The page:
Next, stray animals in Detroit are up for debate since a article by Bloomberg News put the number of strays at 50,000. A Michigan State University professor discusses the findings of her study on the problem. 

Read more
Stateside
5:15 pm
Thu February 6, 2014

Free student-run medical clinics provide health care to uninsured

Michigan Health Insurance Program is offering more options to people with pre-existing conditions.
user striatic Flickr

It could happen in a field near an abandoned building in Detroit. Or a now-defunct library in a small rural town.

The locations may differ, but the mission is the same: medical students reaching out to provide health care to uninsured people.

The student-run free medical clinic is an outreach effort that’s offered by most medical schools. Usually, it’s staffed by first and second year med students who are responsible for virtually every aspect of the clinic. An M.D. is on hand to write prescriptions and confirm diagnoses. But it really is these med students who are giving most of the care.

What are the pros and cons of these free student-run clinics?

Jennifer Xu is a medical student at the University of Michigan. She recently wrote a piece for The Atlantic entitled “Letting Medical Students Run The Clinic.” She joined us today to tell us more about it.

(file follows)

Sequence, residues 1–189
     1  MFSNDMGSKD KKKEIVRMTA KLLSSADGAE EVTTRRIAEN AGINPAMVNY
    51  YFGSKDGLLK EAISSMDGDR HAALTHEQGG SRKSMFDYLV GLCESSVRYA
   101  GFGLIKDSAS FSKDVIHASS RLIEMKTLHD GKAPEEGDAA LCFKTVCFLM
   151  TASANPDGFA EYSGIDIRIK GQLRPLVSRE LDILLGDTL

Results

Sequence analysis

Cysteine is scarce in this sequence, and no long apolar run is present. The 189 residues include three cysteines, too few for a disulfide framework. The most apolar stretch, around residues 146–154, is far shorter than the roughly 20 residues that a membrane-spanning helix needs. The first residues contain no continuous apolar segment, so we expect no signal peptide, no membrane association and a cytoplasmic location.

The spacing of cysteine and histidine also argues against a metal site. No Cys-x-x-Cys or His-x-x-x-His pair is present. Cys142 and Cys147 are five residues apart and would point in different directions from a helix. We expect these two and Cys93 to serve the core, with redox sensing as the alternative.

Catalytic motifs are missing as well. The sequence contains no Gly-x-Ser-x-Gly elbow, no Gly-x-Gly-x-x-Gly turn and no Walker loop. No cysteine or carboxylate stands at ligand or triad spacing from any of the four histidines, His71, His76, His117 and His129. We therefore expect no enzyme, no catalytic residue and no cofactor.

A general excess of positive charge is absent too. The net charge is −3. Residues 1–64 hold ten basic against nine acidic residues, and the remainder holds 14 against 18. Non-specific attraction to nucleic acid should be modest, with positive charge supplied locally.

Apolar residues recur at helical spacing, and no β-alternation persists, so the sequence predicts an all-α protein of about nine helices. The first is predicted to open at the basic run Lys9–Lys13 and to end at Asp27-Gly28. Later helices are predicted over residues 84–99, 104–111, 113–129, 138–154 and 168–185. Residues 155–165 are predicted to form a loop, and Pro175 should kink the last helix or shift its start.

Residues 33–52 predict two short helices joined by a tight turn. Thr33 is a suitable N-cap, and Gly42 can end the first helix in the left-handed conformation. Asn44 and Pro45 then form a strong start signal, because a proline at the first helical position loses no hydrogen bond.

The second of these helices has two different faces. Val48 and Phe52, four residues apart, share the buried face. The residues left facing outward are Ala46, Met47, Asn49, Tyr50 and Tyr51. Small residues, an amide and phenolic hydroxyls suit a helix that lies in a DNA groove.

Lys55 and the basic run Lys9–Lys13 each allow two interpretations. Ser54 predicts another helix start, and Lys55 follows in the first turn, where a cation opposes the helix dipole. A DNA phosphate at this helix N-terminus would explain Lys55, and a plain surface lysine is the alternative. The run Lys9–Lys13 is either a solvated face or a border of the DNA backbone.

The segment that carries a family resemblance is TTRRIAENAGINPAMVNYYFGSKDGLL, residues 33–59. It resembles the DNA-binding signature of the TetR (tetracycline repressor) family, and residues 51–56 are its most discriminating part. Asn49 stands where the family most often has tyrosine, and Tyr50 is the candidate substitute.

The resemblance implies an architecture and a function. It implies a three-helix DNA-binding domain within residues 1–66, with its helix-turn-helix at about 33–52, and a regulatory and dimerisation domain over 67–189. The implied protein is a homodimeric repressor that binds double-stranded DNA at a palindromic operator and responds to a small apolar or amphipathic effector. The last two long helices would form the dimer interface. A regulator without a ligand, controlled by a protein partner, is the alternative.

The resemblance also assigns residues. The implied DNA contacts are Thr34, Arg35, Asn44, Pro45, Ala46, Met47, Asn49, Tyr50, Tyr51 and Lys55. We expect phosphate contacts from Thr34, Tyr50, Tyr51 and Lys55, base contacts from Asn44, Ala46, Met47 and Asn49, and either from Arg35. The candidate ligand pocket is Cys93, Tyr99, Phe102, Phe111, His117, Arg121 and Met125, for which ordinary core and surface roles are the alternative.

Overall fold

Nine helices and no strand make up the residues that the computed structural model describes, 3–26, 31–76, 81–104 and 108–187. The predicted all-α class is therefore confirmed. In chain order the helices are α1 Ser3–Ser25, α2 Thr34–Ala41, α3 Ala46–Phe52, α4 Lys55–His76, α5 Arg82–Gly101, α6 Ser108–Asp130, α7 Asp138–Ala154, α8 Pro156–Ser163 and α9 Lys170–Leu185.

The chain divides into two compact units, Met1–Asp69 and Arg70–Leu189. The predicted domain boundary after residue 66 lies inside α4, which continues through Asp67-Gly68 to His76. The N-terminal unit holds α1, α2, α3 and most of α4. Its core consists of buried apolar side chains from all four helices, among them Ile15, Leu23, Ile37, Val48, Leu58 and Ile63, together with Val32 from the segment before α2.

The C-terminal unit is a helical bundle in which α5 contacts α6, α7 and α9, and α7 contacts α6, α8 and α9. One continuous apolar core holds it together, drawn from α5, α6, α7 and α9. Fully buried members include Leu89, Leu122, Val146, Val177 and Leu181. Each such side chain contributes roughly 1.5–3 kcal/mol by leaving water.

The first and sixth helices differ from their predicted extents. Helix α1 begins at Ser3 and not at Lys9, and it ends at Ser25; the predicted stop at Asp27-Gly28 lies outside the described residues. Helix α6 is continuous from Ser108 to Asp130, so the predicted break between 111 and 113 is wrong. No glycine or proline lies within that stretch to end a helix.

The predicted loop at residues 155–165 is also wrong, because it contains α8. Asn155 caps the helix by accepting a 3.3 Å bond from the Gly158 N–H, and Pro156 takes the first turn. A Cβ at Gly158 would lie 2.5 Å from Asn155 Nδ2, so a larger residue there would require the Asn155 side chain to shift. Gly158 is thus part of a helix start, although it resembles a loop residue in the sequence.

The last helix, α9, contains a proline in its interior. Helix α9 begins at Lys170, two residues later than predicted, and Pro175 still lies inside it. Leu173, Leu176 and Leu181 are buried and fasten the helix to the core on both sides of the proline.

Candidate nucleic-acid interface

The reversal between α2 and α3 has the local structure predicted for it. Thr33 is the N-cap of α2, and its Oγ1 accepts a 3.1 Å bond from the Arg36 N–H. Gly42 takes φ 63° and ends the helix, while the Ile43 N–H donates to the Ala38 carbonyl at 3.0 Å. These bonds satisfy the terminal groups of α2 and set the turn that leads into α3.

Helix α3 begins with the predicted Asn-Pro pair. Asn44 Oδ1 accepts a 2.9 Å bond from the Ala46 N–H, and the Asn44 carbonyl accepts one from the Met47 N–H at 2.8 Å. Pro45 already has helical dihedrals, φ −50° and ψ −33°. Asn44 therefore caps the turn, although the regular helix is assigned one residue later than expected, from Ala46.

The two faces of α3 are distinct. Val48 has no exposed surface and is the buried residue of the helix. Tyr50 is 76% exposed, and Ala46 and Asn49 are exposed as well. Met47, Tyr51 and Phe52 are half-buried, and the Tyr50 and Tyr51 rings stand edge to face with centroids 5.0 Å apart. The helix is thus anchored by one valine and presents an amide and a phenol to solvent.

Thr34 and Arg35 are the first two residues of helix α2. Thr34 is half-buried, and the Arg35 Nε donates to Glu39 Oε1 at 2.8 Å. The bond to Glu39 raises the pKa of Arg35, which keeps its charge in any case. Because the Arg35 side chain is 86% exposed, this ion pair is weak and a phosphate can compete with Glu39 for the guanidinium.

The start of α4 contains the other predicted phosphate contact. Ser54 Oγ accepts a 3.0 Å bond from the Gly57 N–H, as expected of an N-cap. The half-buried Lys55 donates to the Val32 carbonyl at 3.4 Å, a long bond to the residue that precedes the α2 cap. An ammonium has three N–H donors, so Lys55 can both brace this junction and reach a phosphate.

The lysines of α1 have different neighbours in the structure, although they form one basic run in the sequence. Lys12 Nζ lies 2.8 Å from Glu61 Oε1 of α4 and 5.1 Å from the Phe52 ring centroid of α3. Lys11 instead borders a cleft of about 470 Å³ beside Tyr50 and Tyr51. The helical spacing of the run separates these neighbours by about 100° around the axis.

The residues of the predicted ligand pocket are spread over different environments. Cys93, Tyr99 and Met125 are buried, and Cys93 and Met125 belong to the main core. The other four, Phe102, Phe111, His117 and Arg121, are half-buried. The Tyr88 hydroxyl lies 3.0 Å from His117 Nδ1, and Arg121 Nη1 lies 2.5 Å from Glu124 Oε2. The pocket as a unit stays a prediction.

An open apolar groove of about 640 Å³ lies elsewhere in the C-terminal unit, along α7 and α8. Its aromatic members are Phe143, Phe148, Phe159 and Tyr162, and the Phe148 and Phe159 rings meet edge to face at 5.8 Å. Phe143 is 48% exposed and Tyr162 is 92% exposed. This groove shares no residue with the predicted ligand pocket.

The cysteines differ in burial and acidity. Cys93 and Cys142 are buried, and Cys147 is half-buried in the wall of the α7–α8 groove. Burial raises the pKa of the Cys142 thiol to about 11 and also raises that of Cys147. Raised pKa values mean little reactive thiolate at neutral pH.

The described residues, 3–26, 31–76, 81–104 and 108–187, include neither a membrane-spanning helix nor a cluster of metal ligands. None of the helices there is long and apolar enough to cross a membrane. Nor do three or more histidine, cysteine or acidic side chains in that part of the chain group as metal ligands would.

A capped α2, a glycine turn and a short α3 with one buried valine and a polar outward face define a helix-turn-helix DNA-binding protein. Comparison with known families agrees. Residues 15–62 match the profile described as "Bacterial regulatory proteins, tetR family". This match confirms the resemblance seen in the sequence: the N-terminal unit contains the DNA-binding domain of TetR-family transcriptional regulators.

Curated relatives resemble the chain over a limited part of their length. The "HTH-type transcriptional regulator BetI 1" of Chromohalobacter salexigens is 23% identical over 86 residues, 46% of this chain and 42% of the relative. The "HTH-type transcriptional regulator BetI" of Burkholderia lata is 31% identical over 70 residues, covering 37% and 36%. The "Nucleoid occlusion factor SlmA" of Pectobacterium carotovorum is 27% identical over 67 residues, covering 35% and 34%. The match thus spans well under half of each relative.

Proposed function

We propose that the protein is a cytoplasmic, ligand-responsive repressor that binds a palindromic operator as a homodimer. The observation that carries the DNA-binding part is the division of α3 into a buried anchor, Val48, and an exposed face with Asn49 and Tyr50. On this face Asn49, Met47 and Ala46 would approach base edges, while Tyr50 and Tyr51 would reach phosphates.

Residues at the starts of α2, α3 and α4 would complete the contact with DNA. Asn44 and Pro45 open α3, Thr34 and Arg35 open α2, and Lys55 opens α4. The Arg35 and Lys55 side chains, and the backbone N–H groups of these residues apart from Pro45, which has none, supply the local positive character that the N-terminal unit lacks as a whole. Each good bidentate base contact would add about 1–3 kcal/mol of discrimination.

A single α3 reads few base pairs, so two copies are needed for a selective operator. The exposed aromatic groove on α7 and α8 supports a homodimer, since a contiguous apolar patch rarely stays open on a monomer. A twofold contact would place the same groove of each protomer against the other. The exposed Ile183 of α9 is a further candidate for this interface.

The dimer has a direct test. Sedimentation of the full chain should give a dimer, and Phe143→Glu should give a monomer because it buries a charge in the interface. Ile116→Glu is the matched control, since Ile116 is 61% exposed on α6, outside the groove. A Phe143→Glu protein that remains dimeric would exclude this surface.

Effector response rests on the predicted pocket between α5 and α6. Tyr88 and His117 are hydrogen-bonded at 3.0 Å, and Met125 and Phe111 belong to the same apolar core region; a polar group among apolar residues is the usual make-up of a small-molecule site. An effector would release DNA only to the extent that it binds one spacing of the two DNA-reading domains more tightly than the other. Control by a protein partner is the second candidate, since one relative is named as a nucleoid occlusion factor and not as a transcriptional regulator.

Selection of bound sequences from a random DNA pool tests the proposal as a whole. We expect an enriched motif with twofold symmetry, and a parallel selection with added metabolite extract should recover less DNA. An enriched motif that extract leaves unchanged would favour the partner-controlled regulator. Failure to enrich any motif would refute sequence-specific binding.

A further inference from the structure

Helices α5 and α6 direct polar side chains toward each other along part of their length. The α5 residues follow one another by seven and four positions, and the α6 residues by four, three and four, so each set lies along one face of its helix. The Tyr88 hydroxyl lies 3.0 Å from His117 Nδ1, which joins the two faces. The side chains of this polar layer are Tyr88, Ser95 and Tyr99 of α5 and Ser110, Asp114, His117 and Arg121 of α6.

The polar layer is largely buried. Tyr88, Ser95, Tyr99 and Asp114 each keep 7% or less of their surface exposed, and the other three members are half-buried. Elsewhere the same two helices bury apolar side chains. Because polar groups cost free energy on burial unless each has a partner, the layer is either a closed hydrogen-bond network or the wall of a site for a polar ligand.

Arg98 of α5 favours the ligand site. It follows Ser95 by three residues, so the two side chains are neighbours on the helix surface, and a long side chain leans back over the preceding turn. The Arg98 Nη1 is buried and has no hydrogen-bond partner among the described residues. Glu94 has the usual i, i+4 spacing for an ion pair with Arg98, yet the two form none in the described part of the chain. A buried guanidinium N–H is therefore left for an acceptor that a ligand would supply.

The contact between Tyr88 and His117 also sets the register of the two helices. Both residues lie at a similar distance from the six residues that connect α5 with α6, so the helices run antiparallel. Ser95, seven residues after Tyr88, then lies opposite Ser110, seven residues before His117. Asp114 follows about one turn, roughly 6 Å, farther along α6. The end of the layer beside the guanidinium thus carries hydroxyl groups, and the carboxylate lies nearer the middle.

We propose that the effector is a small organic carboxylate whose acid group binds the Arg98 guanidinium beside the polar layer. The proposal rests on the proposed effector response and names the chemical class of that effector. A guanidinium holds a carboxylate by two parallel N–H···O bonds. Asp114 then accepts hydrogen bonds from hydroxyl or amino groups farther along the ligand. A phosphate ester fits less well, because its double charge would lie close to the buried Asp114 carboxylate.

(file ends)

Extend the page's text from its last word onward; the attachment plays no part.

Listen to the full interview above.

Stateside
5:11 pm
Thu February 6, 2014

Michigan fiber mill provides yarn for Olympic closing ceremonies sweaters

American athletes will be wearing these during the closing ceremonies.
Facebook

The Winter 2014 Olympics began today in Sochi, Russia. America's athletes will once again be sporting designs by Ralph Lauren.

 

What you might not know is that the sweaters and caps they'll be wearing for the closing ceremonies will be made from yarn produced in Michigan.

Debbie McDermott is a shepherd, a spinner and a fiber artist. She owns Stonehedge Fiber Mill in East Jordan, and she joined us today.

Listen to the full interview above.

Stateside
5:09 pm
Thu February 6, 2014

Mobile and Web app helps feed hungry children in Grand Rapids

Web designer, Adam Salois (left), and Managing Director, Jonathan Kumar (right).
Mercedes Mejia Michigan Radio

Using the power of social media to do good – in this case, ordering a dessert or an appetizer and, in doing so, helping to feed a hungry child.

Our next guest has accomplished that with a mobile and Web app called FoodCircles currently up and running in Grand Rapids.

Jonathan Kumar is the managing director of FoodCircles and he joined us today.

Listen to the full interview above.

Stateside
5:07 pm
Thu February 6, 2014

How can our voting system be improved?

The Secretary of State says 95.5% of eligible voters are registered
Lars Plougmann Creative Commons

During his recent State of the Union speech, President Obama made passing mention of our voting system.